It’s known that plenty of high-ranking bishops were openly pro-Nazi, but the Vatican adamantly refuses to comment on the full extent of its operations providing Nazi war criminals with false identities to get them overseas in the aftermath of WWII. Overwhelmed with millions of legitimate refugees, the Red Cross relied greatly on Vatican references – Nazi officers like Josef Mengele and Klaus Barbie could very well have obtained their travel papers through the Church.

4. Protecting pedophiles

via time.com

via time.com

Possibly the biggest and darkest mark on the Roman Catholic institution in modern history is its seemingly endless list of sex abuse scandals. Pedophilia appears so rampant in the Holy See that new cases barely make front page news. Instead, how the Vatican handles this obviously long-term problem has become the new emphasis. Historically, it hasn’t handled it so well.

While thousands of offending parishioners — many in America — have been acquitted, under-punished, or simply relocated by the Vatican, the cover-ups represent another degree of scandal. Bishops have been known to secretly settle child sexual abuse claims with victims to insulate the Church, and a recently discovered internal document from 1962 — approved by Pope John XXIII — details a policy of “strictest” secrecy when sexual abuse comes to light. Does the Catholic church maintain a no-tattletale policy within its ranks? The evidence suggests so.

3. Even more money laundering

via concordatwatch.eu

via concordatwatch.eu

The Vatican’s rich history of siphoning illegal cash has all but reached a spilling point this year. In January, Italian financial police arrested yet another clergyman for his laundering multiple millions from offshore companies through his Vatican Bank account. Monsignor Nunzio Scarano, former accountant in the Vatican’s main financial office, forfeited over 6.5 million euros in property and assets to police seizure, including a luxurious apartment filled with expensive art and antique valuables. Facing a serious PR issue, Pope Francis now purports his intent to hollow out the old rotten financial networks underlying the Vatican’s finances. Since coming to power he’s fired multiple Cardinals, Vatican Bank officials and Financial Information directors, and he has become the first pope to excommunicate the Mafia. In short, many fear for his life.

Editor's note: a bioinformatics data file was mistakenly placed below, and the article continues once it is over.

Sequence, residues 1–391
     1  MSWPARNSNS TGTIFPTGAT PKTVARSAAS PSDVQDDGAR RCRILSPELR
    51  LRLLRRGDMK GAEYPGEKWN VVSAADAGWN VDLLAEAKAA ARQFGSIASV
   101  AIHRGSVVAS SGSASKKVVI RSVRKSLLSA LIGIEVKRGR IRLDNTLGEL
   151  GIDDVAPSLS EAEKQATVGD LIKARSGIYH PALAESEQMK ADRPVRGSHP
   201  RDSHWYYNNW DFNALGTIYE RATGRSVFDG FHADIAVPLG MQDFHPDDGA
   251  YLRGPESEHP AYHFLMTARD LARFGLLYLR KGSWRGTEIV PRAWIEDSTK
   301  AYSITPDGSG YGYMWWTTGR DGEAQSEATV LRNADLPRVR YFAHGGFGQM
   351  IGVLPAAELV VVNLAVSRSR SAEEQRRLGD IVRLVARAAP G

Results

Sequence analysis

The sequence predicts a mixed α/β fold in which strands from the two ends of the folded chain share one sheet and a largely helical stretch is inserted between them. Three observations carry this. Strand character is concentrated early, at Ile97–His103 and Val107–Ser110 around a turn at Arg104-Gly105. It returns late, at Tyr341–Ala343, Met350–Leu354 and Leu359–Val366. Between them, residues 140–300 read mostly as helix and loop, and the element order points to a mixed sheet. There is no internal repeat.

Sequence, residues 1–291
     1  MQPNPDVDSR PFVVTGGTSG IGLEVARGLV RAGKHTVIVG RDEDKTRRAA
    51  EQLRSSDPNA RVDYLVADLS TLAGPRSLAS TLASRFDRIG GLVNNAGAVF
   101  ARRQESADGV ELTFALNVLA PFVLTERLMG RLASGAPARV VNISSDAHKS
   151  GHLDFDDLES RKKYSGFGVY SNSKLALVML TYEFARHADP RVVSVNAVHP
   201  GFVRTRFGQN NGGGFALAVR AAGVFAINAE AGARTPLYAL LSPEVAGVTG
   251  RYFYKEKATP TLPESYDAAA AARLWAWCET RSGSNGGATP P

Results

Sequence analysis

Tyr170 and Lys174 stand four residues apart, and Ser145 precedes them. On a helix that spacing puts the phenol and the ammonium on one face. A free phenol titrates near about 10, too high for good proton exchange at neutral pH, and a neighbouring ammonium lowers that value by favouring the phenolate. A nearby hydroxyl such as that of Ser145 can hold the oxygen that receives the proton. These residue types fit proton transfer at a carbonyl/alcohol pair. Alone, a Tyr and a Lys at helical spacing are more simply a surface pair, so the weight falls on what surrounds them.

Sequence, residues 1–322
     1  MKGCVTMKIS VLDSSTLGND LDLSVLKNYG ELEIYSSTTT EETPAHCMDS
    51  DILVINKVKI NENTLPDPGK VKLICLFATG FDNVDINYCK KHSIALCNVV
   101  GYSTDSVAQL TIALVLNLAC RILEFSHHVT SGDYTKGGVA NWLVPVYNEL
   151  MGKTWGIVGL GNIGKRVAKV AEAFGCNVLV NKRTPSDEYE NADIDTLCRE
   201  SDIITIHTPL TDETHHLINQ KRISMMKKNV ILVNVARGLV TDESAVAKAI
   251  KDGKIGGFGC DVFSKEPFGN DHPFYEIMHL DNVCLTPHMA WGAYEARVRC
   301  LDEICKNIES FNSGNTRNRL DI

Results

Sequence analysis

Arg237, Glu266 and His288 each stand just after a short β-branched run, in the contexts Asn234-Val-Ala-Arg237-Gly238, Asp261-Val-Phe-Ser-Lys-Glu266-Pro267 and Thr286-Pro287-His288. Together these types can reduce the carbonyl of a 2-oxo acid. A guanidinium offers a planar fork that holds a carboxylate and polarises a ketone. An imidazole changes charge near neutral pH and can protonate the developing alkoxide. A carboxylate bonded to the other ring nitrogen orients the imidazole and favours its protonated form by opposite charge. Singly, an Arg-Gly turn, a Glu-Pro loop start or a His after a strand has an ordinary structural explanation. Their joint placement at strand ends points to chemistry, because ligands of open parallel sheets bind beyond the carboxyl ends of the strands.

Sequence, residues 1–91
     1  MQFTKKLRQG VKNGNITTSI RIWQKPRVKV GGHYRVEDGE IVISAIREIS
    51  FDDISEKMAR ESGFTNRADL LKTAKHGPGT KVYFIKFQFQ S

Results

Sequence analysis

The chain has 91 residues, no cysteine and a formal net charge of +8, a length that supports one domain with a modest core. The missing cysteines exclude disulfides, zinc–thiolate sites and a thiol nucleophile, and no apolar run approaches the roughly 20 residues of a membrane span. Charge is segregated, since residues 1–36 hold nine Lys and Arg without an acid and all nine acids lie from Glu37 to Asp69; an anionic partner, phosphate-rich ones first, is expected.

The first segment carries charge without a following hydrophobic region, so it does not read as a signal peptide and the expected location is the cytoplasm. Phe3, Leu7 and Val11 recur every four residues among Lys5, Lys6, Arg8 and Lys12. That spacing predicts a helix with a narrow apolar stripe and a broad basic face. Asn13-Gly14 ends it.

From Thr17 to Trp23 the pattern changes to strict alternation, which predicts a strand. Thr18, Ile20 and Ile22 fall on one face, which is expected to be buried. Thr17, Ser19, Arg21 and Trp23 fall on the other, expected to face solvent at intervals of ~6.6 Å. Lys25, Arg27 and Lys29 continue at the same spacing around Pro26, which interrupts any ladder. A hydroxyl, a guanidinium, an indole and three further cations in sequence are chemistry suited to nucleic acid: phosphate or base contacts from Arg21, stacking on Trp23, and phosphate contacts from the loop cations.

2. Baby stealing

via vaticancrimes.us

via vaticancrimes.us

In 2011, evidence came to light that the Catholic church in Spain ran a baby trafficking program for decades. Beginning during the reign of Spanish dictator Francisco Franco and lasting until the 1990s, a network of doctors, nurses, priests and nuns sold upwards of 300,000 babies for adoption. Just short of snatching them from their mothers’ arms, hospitals convinced the mothers – usually those deemed ‘unsuitable’, such as the young and unmarried – that their newborns died after birth. The hospitals then sold the newborns for a pretty penny to well-off devout Catholic families, and falsified their birth certificates with the adoptive surname. Tens of thousands of Spanish adults today don’t know their birth parents and, fearing the legal culpability of their adoptive guardians, won’t try to find out.

A similar and morbid operation occurred in the Magdalen Laundries – most notably in Ireland – until as recently as the 1990s. Unmarried women who fell pregnant were sent to work in these laundries, and their babies were often forcibly taken from them after the women were coerced into signing renunciation papers. The babies were sold, typically to wealthy American families.

1. Vatileaks

via romanempiretours.com

via romanempiretours.com

The 2012 Vatileaks scandal probably represents the single worst blow to the Vatican’s credibility in recent times, not least because it exposed heavy factionalism within the Catholic administration. For one the leak itself — by Pope Benedict’s personal butler — suggested a political agenda (and with Benedict’s subsequent resignation, it proved successful). But then there’s the information itself: Letters exposing abuses of power, improper financial management, and even blackmailing of homosexual clergy. The revelations, portraying the inner workings of the Apostolic Palace with a voyeuristic sense of TV-style drama, irrevocably tainted public perception of the Catholic church.